Evaluating the Cost-Effectiveness of Hydrogel Rectal Spacer in Prostate Cancer Radiation Therapy.


Department of Radiation Oncology, University of Maryland School of Medicine, Baltimore, Maryland. Electronic address: [Email]


OBJECTIVE : A hydrogel rectal spacer (HRS) is a medical device that is approved by the U.S. Food and Drug Administration to increase the separation between the prostate and rectum. We conducted a cost-effectiveness analysis of HRS use for reduction in radiation therapy (RT) toxicities in patients with prostate cancer (PC) undergoing external beam RT (EBRT).
METHODS : A multistate Markov model was constructed from the U.S. payer perspective to examine the cost-effectiveness of HRS in men with localized PC receiving EBRT (EBRT alone vs EBRT + HRS). The subgroups analyzed included site of HRS placement (hospital outpatient, physician office, ambulatory surgery center) and proportion of patients with good baseline erectile function (EF). Data on EF, gastrointestinal and genitourinary toxicities incidence, and potential risks associated with HRS implantation were obtained from a recently published randomized clinical trial. Health utilities and costs were derived from the literature and the 2018 Physician Fee Schedule and were discounted 3% annually. Quality-adjusted life years (QALYs) and costs were modeled for a 5-year period from receipt of RT. Probabilistic sensitivity analysis and value-based threshold analyses were conducted.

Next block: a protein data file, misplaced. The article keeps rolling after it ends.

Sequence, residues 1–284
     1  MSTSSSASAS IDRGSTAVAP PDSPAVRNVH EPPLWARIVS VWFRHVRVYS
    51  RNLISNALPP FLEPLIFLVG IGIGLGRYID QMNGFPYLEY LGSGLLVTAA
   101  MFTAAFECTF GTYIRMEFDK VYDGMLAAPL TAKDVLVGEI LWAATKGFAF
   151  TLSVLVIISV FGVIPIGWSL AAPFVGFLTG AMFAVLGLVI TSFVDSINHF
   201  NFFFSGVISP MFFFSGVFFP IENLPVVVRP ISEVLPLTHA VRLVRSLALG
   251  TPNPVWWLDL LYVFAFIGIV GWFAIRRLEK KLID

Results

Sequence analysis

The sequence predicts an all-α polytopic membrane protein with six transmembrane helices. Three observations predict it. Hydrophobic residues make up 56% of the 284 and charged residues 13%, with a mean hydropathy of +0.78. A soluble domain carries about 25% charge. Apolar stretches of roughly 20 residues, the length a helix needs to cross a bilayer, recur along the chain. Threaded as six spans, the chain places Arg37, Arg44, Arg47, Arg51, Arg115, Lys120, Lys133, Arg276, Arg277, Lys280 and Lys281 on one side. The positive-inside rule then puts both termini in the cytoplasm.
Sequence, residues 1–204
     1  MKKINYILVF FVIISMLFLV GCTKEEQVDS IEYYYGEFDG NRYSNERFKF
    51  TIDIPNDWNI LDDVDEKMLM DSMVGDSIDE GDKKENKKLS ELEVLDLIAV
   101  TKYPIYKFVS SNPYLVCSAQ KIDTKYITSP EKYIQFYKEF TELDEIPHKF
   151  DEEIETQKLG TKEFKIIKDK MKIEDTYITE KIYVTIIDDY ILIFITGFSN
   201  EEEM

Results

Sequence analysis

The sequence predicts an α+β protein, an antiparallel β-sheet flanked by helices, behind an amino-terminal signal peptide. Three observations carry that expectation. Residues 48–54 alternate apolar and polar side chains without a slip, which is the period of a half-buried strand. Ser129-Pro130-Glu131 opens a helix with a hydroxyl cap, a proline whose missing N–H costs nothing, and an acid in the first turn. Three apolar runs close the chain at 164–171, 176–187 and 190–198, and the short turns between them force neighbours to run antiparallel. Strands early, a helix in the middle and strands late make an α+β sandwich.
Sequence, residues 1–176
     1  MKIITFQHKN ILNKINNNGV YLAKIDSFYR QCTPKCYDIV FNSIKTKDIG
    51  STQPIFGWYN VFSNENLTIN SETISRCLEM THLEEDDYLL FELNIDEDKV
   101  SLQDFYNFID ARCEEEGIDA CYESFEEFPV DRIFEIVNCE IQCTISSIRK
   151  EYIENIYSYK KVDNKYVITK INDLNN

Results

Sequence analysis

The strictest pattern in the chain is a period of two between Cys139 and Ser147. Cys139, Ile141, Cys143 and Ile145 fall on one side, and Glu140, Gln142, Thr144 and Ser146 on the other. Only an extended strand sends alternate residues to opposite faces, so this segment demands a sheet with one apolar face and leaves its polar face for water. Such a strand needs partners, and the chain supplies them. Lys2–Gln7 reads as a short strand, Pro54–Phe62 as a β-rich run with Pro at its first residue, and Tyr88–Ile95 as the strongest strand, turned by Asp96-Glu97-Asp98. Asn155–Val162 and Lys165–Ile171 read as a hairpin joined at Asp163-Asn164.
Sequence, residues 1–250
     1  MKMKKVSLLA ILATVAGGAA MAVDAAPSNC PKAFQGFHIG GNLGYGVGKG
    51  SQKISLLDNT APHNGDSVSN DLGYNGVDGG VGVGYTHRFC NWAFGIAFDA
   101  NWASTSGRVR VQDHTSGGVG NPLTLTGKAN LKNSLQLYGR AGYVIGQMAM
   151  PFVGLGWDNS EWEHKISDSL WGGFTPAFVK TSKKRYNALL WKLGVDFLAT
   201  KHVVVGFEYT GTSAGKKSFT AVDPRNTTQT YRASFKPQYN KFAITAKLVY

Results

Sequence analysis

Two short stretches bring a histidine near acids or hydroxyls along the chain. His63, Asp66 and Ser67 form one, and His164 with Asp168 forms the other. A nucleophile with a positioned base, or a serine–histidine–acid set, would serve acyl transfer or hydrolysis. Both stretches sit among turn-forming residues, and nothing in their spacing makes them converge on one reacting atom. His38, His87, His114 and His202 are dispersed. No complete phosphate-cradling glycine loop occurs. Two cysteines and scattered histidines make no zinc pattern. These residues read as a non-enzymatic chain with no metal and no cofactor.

RESULTS : The per-patient 5-year incremental cost for spacers administered in a hospital outpatient setting was $3578, and the incremental effectiveness was 0.0371 QALYs. The incremental cost-effectiveness ratio was $96,440/QALY for patients with PC undergoing HRS insertion in a hospital and $39,286/QALY for patients undergoing HRS insertion in an ambulatory facility. For men with good baseline EF, the incremental cost-effectiveness ratio was $35,548/QALY and $9627/QALY in hospital outpatient and ambulatory facility settings, respectively.
CONCLUSIONS : Based on the current Medicare Physician Fee Schedule, HRS is cost-effective at a willingness to pay threshold of $100,000. These results contain substantial uncertainty, suggesting more evidence is needed to refine future decision-making.